The Colt double-action lock-work design of 1889, which was based on the Schmidt-Galand lock of 1878, received incremental improvements which resulted in the 1905 Colt Police Positive design with a safety mechanism that prevented the hammer from striking a cartridge unless the trigger was held all the way to the rear. This fundamental design dating to 1878 was still in use by Colt’s when Nonte penned his article in 1976.
Smith & Wesson came out with their first Hand Ejector model in 1896, which was improved in 1905 by the addition of a rebound slide with a shoulder on top, and a hammer with a small shoulder on the bottom. The two shoulders prevent the hammer from resting on the firing pin. In 1915 a hammer block was added. Minor improvements have been made since, including coil springs, a redesigned hammer block, and a shortened hammer throw, but the company is still using its essential 1905 design in 2018.
The first new design to appear in the 20th century was the 1964 Charter Arms, by Doug McClennahan, followed by the Dan Wesson and the Ruger double-action revolvers, but as Nonte says, “...they still didn’t exhibit any radical departure from the traditional sixgun design.” He notes that Colt’s came out with the Mk. III in 1969, but it “...offered nothing outstanding, aside from a transfer-bar internal safety. It was really a compromise of several existing designs.” He concludes: “Not really a lot to show for over 75 years...,” and “...we’ve said in print several times that a genuinely new revolver design was long overdue.” There have been few revolver innovations since Nonte’s article—even the Kimber K6S revolver’s lockwork is a copy of the Smith & Wesson, though it does have a somewhat innovative cylinder design.
When Nonte was writing in 1976 the High Standard patents were not available for study. What Nonte could not tell us is that Dick Baker was careful to reference 19th century patents for a segmented gear double-action mechanism and an eccentric pivot for hammers, so he too was essentially improving on existing designs.
Externally, the only difference between the Crusader and any other revolver is the shape and function of the cylinder release. My first thought was that it should push down to release the cylinder, but instead it pushes up. I still haven’t become accustomed to this. The design of the ejector rod housing is intended to allow the shooter to grasp the end of the ejector rod and pull it forward to release the cylinder, but I find this quite difficult to do. Maybe my fingers are too fat.
As related above, in the patents section, Ralph Kennedy’s intention was that the cylinder release lever would also serve as a safety lever. The functionality was as follows: the round button end of the release lever that protruded on the right side of the gun (in front of the hammer) was pressed in, and on the left side the lever was pressed down, locking the entire mechanism of the gun. A slight lift of the cylinder release lever was all that was required to unlock the safety. The reviewers of the early prototypes were unanimous that they felt the safety was unnecessary, and ultimately High Standard decided to offer it as an option only. It does not appear on the 50th anniversary commemoratives.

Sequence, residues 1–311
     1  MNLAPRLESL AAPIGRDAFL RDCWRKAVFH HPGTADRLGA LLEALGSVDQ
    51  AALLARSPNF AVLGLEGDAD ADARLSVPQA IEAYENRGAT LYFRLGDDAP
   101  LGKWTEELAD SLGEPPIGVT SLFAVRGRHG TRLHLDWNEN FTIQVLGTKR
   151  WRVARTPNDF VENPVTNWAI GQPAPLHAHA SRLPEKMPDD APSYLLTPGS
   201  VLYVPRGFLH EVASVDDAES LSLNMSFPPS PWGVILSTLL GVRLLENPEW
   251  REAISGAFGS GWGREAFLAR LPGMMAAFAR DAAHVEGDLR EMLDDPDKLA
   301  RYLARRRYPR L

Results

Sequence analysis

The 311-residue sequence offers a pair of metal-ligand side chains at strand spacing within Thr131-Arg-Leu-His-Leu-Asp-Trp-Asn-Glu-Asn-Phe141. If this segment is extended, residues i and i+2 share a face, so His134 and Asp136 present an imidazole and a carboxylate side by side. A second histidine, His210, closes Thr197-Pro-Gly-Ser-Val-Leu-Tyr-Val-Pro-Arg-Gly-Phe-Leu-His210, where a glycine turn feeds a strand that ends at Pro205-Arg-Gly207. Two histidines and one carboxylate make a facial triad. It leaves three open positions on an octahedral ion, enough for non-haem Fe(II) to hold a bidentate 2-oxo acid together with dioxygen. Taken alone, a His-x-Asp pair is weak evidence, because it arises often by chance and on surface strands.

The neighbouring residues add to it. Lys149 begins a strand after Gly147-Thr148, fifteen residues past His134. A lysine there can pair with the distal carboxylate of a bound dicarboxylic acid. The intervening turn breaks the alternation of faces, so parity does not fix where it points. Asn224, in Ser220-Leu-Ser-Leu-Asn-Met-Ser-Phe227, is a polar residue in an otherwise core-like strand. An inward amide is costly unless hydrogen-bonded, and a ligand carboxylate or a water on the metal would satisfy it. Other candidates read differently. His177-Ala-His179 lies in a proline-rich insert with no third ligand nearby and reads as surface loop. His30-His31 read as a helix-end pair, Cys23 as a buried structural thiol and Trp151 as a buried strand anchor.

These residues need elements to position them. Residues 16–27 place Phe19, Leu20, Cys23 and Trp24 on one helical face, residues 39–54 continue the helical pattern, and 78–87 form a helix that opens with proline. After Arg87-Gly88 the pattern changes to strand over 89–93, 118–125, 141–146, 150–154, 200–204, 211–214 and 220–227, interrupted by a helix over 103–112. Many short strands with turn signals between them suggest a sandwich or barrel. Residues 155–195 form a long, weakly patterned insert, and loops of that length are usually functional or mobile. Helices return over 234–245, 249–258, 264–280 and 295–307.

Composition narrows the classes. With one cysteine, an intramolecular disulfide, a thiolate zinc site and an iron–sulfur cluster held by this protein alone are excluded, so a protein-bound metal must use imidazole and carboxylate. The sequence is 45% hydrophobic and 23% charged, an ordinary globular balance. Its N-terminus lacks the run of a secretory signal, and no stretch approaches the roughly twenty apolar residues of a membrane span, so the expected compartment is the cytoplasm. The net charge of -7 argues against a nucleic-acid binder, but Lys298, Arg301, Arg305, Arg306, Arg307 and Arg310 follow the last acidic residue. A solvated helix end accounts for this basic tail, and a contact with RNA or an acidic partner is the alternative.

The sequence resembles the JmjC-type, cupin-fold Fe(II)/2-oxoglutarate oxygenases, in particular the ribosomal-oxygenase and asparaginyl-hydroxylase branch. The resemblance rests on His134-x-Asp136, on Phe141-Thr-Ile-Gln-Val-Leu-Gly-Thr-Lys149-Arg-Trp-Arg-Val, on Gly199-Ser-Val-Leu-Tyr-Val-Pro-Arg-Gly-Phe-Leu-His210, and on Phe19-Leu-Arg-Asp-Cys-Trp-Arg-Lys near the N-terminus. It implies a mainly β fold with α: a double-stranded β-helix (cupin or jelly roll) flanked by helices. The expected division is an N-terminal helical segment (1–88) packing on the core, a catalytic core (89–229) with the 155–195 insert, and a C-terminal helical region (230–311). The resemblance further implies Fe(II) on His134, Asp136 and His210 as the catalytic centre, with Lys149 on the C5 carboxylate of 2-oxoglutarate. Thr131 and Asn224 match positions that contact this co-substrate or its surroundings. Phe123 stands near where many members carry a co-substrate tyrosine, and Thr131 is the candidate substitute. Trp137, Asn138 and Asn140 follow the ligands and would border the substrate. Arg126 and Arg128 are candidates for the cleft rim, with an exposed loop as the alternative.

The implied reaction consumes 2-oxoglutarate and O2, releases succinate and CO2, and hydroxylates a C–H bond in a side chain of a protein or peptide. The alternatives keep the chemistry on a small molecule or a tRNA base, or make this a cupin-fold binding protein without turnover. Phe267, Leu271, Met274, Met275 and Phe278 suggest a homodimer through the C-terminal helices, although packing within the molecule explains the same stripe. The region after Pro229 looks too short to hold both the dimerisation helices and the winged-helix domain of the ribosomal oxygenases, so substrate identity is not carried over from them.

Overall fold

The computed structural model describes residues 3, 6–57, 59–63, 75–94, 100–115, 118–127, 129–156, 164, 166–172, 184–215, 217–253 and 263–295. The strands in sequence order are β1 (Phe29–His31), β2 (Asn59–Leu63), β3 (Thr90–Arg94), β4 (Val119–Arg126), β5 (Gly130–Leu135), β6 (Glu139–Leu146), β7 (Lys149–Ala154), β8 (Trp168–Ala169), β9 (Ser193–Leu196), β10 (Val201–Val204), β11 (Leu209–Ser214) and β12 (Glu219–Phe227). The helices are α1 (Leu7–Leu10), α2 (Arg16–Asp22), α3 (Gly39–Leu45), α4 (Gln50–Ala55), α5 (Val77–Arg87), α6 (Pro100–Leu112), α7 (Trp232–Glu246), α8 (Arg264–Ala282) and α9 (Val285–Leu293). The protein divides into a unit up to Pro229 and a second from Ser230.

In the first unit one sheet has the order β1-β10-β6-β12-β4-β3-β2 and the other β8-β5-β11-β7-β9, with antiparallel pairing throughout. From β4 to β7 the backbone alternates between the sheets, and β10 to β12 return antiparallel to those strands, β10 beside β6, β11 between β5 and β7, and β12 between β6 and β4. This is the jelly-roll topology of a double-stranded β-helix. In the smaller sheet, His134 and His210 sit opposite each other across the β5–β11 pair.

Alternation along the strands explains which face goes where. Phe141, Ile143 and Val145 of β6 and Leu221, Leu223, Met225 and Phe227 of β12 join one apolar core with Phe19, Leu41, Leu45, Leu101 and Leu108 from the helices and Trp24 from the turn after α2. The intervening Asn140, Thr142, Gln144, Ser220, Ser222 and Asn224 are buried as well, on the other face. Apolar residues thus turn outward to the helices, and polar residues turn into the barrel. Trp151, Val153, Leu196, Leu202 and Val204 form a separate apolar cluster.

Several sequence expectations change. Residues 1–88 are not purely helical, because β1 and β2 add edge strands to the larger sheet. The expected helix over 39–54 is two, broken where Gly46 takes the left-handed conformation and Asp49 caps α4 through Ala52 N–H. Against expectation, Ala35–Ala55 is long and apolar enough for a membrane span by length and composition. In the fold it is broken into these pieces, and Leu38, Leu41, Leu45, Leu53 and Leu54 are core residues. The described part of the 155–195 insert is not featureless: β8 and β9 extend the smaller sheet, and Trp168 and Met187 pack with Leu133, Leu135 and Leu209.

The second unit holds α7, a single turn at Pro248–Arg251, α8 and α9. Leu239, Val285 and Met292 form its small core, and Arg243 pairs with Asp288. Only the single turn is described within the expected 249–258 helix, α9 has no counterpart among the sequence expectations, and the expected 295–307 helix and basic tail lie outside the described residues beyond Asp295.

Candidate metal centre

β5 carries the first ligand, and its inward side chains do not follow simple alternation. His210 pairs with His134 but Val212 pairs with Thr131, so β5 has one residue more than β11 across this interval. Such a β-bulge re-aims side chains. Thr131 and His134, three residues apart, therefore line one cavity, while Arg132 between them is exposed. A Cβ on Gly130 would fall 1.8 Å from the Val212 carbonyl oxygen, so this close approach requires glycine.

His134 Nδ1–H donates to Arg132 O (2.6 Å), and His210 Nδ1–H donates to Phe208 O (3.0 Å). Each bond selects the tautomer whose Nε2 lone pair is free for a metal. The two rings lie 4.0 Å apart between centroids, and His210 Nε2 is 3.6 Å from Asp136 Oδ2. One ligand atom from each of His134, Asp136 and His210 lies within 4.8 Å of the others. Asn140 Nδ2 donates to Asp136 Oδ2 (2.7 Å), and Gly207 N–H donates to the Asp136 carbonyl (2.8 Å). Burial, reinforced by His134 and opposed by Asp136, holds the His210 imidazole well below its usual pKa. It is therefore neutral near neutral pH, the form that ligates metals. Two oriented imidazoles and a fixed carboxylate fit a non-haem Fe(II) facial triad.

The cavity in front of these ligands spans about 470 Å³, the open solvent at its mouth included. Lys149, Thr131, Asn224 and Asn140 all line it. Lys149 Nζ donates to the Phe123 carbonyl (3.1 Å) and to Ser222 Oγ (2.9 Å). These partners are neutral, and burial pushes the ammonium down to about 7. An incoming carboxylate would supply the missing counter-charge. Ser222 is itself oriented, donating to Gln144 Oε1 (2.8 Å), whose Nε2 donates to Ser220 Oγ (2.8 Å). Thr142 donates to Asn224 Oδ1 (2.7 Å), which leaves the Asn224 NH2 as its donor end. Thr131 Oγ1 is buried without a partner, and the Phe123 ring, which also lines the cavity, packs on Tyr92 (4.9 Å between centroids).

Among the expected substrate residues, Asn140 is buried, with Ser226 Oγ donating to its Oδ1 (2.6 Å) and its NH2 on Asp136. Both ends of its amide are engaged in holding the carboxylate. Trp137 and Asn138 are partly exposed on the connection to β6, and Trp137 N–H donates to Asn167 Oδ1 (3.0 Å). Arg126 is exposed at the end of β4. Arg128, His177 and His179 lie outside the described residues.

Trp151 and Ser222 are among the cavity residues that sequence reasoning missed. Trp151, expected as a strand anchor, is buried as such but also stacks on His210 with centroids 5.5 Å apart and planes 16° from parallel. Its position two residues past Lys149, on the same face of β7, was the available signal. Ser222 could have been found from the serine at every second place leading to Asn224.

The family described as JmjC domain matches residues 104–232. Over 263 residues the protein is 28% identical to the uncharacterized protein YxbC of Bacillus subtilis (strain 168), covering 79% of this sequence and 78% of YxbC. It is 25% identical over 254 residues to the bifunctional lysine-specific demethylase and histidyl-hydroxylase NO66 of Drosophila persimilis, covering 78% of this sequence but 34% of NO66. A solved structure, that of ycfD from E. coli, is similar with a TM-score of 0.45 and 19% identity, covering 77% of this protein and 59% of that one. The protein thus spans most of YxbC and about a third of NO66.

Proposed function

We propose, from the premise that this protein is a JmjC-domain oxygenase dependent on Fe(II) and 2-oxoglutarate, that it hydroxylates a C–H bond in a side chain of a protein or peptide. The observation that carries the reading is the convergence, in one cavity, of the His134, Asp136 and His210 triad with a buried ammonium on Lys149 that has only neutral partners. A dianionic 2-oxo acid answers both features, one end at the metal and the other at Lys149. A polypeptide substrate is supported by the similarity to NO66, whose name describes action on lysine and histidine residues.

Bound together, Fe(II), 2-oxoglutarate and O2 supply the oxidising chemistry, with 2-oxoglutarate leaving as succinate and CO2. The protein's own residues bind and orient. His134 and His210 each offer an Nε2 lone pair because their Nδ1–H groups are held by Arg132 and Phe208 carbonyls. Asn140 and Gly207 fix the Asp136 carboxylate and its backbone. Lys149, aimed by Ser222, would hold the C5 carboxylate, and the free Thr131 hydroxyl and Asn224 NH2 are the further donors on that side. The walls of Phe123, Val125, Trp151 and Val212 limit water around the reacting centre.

The cylinder chambers are not counter-bored. The trigger is wide and smooth, and the hammer is wide and deeply serrated. The cylinder hand is to the left of the spindle and turns the cylinder clockwise. The Crusader is heavy, at just over 44 ounces (1253 grams). The grip is large and fills the hand nicely. People with small hands might find it a bit large, but it is proportional to the size of the gun. The double-action breaks consistently at 11 pounds and is very smooth. The single-action breaks at 4 pounds. Early reviews were careful to note that the ejector rod is full length and therefor ejects cartridge cases completely, but I did not find that to be the case. Forty-five Colt cases would hang in the cylinder, the ejector lacking about a millimeter of length necessary to eject them. The longer cases of .44 magnum ammunition would not fare even that well.
The double-action mechanism is illustrated above. The actuator attached to the rear of the trigger levers the cylinder bolt down, then releases it and locks the bolt in place. The trigger moves the hand (visible behind the cylinder locking bolt) to rotate the cylinder, and the gear segment fitted to the trigger meshes with another gear segment attached to the eccentric between the two lower arms of the hammer—the eccentric pulls the hammer downward and likewise forces the lever at the bottom of the mechanism to pull the hammer backward, and release it when the trigger is all the way to the rear. When I counted the moving parts I came up with five more than a large frame Smith & Wesson, but I’m not entirely certain I counted correctly. The single-action mechanism is virtually identical to those on traditional revolvers--a sear on the rear of the trigger that catches a toe on the hammer.
The high-polish finish is a deep blue-black, of a quality that would have compared well with High-Standard’s high-end competitors. The mechanical unlocking of the cylinder bolt leaves no mark on the cylinder. I have dry-fired my gun several times and shot about 15 rounds through it and the cylinder remains unmarked. Externally, the gun is beautiful, but I can see some minor mill marks inside the frame where the cylinder rides. The portion of the frame behind the cylinder is rather roughly finished, as is the inside of the side plate. The Crusader made about a 3-inch group at ten yards, shooting from a rest. I might possibly have fired a better group in an extended session, or if I had tried various brands of ammunition to find the optimal load for the gun, but I didn’t want to shoot this rare commemorative any more than necessary. No spare parts were ever made.
Copyright 2018 by Ed Buffaloe. All rights reserved.